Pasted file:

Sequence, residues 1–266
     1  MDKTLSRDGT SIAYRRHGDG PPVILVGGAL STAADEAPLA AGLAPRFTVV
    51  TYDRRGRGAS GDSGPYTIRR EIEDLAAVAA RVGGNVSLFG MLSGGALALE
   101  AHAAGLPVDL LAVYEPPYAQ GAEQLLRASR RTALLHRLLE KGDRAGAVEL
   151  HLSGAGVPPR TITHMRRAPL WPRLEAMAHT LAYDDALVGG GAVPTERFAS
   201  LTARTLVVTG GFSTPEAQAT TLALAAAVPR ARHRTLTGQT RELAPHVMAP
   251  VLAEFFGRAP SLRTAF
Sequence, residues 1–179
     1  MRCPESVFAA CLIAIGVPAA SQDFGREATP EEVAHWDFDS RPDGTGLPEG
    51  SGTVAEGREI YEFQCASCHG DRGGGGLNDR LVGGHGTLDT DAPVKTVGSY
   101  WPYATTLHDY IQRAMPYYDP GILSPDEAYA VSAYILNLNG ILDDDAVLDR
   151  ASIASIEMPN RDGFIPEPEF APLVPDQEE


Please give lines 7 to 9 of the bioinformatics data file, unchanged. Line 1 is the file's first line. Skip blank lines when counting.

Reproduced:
   251  VLAEFFGRAP SLRTAF
Sequence, residues 1–179
     1  MRCPESVFAA CLIAIGVPAA SQDFGREATP EEVAHWDFDS RPDGTGLPEG